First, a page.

It’s time for Hal Steinbrenner to admit some hard truths about the Yankees

On behalf of the Yankee legions who have seen enough, we have here an open letter to Hal Steinbrenner:

Hello, Hal?

Are you there?

Are you aware what an absolute embarrassment this $201 million Yankee team of yours is?

This team that just got swept at Fenway Park to fall into fourth place in the American League East?

This team that leads the majors in runners being thrown out on base?

This team that is hitting .218 and a .632 OPS with runners in scoring position and with two starting outfielders batting under .200?

This team that continues to play sloppy defense and is way too often clueless when it comes to the fundamentals of baseball?

Look Hal — again, are you there? — we know you’ve always said you’re your own person and not in any way like your old man. Okay, we get that. George could get crazy at times, but at no time did Yankee fans think he didn’t care, which right now they’re wondering about you. They’re crying out to you, Hal. They want you to start acting like the Boss. At this juncture, after 12 years of not reaching the World Series despite the highest or second-highest payroll in the game, he would conclude it’s time to go in a new direction.

For starters, it’s time to put Aaron Boone out of his misery. Not that changing managers is going to make any difference. But when a team plays as badly as the Yankees did this weekend in Boston — in a series where they desperately needed to make a statement that they can compete in this division — it’s pretty clear they are not responding to Boone. If the Boss were still alive, there would be a new manager waiting for them in New York Monday.



You can't fire the owner, so it's time for the other two men in this picture to go.

You can’t fire the owner, so it’s time for the other two men in this picture to go(Mike Stobe/Getty Images)


Let’s be honest here. Boone is a genuinely good guy. But he was put into this job without any previous managerial experience because Brian Cashman wanted a manager, unlike Joe Girardi, who would offer no resistance when Mike Fishman and the analytics geeks sent the lineup down to him.

And that’s the problem, Hal. Cashman and his obsession with analytics have won you nothing since 2009. This latest team of his, if you’ve been watching, is a poorly constructed mess. It all started with Cashman’s ill-conceived decision to relieve Derek Jeter from a healthy portion of Giancarlo Stanton’s $325 million contract in 2017. How has that worked out? In the weekend series against the Red Sox, Stanton, as the cleanup hitter in the all right-handed Yankee lineup, was 2-for-10 with seven strikeouts.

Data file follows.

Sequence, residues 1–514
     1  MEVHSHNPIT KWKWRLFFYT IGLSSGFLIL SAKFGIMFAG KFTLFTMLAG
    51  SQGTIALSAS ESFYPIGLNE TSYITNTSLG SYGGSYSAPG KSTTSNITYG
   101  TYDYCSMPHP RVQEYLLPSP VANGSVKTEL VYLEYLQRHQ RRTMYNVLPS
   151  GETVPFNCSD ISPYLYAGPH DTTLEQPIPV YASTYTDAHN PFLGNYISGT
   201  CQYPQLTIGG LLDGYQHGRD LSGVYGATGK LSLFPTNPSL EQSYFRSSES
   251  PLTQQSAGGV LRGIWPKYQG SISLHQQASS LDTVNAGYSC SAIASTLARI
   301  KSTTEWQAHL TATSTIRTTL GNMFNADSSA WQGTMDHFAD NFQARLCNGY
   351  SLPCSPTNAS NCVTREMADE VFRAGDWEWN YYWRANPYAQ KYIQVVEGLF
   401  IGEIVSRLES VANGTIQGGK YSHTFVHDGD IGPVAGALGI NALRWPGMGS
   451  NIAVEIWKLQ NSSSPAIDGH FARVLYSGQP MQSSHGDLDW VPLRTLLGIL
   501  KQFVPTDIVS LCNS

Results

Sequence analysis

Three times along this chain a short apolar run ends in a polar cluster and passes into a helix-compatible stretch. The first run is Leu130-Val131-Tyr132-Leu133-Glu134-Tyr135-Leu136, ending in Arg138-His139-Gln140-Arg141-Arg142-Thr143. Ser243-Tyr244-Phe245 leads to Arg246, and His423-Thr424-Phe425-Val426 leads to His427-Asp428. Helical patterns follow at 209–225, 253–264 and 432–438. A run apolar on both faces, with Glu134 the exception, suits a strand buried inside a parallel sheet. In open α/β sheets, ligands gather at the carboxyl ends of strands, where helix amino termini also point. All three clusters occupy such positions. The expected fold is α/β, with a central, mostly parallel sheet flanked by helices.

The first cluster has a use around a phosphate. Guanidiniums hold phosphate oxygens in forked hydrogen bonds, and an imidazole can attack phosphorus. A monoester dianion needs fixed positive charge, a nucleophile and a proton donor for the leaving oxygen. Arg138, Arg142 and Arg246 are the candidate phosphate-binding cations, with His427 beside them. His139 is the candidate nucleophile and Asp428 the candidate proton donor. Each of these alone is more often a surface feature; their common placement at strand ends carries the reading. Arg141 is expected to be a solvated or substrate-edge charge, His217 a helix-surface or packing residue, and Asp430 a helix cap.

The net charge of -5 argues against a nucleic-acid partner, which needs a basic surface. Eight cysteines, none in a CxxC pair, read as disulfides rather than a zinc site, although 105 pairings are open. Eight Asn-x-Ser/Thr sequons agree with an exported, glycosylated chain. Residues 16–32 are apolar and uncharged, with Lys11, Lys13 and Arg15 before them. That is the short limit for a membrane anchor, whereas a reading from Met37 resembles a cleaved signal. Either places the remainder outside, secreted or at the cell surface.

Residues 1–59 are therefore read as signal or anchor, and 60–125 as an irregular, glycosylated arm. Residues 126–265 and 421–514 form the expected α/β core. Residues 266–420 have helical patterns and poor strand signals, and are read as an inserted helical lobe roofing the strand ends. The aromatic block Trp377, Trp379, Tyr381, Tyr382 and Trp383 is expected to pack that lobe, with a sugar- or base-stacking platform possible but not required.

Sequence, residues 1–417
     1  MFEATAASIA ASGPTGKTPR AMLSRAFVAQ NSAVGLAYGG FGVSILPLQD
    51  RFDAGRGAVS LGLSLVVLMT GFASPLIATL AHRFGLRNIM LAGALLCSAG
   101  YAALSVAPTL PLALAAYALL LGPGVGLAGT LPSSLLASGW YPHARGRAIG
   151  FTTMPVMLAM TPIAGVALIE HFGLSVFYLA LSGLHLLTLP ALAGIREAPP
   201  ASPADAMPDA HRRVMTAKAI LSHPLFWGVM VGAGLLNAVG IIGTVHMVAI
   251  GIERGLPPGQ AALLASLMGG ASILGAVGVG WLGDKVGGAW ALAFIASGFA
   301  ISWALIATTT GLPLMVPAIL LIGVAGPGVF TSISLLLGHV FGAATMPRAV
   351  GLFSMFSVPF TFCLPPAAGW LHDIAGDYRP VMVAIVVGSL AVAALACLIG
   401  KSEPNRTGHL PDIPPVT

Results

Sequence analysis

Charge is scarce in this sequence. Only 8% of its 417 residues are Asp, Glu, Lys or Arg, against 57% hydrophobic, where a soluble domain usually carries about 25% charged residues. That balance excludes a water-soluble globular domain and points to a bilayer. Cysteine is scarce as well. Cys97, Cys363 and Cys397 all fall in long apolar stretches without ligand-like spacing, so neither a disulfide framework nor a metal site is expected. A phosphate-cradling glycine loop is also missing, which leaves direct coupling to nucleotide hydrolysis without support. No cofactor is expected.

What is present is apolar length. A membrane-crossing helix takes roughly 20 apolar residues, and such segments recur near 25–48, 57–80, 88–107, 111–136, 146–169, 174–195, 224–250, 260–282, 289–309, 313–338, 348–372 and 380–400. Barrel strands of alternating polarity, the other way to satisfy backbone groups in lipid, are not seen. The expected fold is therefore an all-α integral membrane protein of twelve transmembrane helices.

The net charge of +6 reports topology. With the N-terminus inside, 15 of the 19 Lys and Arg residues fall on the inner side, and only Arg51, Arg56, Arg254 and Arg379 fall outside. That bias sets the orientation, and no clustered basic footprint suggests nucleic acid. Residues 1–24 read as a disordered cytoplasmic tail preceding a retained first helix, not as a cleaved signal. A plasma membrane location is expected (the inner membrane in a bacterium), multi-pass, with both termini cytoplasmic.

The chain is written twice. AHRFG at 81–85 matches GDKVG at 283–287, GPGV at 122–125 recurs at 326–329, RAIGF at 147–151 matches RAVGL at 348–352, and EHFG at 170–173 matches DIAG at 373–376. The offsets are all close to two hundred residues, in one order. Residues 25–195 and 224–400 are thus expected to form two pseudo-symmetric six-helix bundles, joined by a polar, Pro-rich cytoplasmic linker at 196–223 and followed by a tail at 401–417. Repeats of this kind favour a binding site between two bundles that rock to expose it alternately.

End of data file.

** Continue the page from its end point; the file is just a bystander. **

While you can give Cashman credit for finding Luke Voit and Gio Urshela on other teams’ scrap heaps, his overall trading record has been less than stellar. He himself has often touted his signature trade to be the 2016 deal in which he sent Aroldis Chapman to the Cubs and got back Gleyber Torres. The same week, he traded Andrew Miller to the Indians for a package including Clint Frazier.

Frazier, hitting .187, has been a complete bust, often looking like a buffoon in the outfield with no idea where he’s throwing the ball. Torres, after showing much promise his first two years with the Yankees, has deteriorated greatly both with the bat and in the field and probably should be traded while he still has some value.


Frazier has been an utter disaster in 2021.
Frazier has been an utter disaster in 2021(Elsa/Getty Images)


Frazier’s lack of fundamentals and baseball smarts is endemic to the Yankees player development department, whether you know it or not, Hal. They’re doing a terrible teaching job down there but that too starts at the top.  And then you have to ask yourself: What have all of Cashman’s analytics accomplished with the pitching?

The Yankees have still not drafted and developed a frontline starting pitcher since Andy Pettitte. Under Cashman’s analytics-oriented pitching coach Matt Blake, Jameson Taillon, Domingo German and Michael King have all been inconsistent this year and Deivi Garcia has gone backward at Triple-A.

(We won’t dare speculate as to whether Sunday’s disastrous three-homer outing was an indication that Gerrit Cole, your $324 million ace, might actually have been one of the sticky finger culprits these past few years.)

We know this is probably annoying to you, Hal, down there in your bunker in Tampa, and we know you don’t like firing people, but you have to take stock of your organization and clean house from top to bottom. If you were watching this series at Fenway Park this weekend, you could have learned something from the Red Sox, who played with a fervor. Besides playing defense, the Red Sox are smart and aggressive on the basepaths, hit-and-run — you know, the old school stuff.  They may not be a great team but they are entertaining, which your Yankees are not.

That alone would be a death knell for the GM if your dad were still here.

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